With no colourful advertising campaigns, no eye-catching branding and no added sugar, it can be hard to get kids really excited about water. Though everyone knows it’s good for you, convincing kids that water is exciting can be tough.
An excellent way to get children interested in water is to get them involved in a few water based experiments. Incredibly easy to set up, even if you know nothing about science, this fascinating test will show kids just how special H2O really is.
Can water walk?
Ask your kids if water can walk and they’ll probably shout ‘no!’. However, sit them down to show them this experiment and they may soon change their minds.
To make water walk, all you need is seven plastic glasses, some food colouring, a few paper towels and, of course, some water. Start by lining up your cups and then half fill every other cup with water. Put a few drops of food colouring into each glass of water, using different colours for each cup.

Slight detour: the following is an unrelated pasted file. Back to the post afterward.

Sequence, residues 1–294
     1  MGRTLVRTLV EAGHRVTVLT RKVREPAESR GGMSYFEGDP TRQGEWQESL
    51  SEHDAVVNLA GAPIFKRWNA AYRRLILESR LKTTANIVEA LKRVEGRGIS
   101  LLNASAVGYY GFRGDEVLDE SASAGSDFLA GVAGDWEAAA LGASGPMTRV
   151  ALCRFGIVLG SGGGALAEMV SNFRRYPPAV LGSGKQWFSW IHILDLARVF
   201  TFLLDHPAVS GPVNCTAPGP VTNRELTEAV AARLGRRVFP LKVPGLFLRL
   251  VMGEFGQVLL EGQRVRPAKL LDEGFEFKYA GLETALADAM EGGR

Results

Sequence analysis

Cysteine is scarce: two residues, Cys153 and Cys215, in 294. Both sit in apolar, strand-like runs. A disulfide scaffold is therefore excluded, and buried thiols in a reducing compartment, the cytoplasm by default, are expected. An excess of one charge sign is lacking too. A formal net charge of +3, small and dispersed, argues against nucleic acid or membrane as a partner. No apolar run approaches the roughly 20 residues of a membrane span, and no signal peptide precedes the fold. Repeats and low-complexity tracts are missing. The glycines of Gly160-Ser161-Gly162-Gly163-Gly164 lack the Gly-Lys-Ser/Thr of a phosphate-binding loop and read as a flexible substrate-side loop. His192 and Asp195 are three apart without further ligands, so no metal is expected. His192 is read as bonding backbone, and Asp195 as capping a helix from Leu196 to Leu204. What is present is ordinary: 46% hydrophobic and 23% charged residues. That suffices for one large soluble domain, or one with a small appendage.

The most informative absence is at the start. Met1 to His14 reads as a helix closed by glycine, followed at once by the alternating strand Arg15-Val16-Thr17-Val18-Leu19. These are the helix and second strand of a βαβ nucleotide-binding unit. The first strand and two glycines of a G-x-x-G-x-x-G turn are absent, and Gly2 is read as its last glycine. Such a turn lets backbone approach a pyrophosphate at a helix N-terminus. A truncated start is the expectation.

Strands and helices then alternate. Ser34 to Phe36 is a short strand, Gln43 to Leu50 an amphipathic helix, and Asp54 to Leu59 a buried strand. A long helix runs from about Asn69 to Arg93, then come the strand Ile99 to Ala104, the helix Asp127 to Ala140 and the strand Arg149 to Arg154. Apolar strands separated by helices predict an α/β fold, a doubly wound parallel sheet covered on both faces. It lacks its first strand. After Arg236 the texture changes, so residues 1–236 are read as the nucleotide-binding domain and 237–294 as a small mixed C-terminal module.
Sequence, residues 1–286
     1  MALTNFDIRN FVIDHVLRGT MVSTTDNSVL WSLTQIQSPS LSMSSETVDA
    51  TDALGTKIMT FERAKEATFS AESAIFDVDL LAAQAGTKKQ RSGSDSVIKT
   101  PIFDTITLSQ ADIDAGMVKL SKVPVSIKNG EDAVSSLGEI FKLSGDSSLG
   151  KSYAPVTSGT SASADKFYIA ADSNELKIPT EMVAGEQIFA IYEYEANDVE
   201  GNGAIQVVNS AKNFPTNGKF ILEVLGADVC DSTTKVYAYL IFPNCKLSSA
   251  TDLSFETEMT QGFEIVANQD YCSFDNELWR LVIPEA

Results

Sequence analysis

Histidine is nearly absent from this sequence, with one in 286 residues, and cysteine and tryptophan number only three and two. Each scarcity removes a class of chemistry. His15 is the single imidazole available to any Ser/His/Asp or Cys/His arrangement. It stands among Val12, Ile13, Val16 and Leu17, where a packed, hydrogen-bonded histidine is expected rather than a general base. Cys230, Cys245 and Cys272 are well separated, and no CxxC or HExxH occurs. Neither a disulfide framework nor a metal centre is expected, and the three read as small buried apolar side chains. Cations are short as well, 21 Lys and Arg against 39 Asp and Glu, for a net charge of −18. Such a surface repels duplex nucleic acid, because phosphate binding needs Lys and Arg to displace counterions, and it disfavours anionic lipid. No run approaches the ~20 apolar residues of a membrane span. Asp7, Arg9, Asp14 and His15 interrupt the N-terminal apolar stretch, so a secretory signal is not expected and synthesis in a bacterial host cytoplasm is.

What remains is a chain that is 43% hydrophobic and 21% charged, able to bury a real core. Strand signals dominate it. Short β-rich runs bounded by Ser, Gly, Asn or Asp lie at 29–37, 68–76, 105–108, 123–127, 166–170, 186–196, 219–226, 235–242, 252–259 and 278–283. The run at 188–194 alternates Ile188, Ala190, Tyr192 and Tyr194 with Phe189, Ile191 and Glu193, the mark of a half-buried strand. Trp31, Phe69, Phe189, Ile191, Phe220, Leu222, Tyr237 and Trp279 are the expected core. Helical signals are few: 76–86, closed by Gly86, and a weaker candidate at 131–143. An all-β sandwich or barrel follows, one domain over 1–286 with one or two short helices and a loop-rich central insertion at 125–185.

Next, you’ll need to fold a paper towel length ways so that it’s long and thin. Fold it in half and then place one end of the towel in a half full glass and the other in an empty one. Repeat this for all the glasses until you have paper towels going in and out of every glass in a continuous line. You’ll quickly see the water being to climb up the paper towels, changing the colour of the towel as it goes.
Now it’s time to leave your cups for a few hours.
When you come back, you’ll see that some of the water has ‘walked’ from the filled glasses to the empty ones, equalising the water level and creating a rainbow of new colours on the way.
If your kids want to know why the water has upped sticks and moved next door, you can explain to them it’s thanks to capillary action. The water moves through tiny gaps in the fibres of the paper towel and it happens because the adhesive force between the paper towel and the water is stronger than the force within the water itself.
Though the water may not have strapped its walking boots on and strolled into the neighbouring glass, there’s no denying that it has moved from one cup to another. Hopefully, the colourful nature of this experiment should help to get your kids fired up about water.
You can see the experiment on YouTube here, feel free to film your own and we’ll feature it on our Facebook page!
For more interesting H2O facts, take a look around our website today.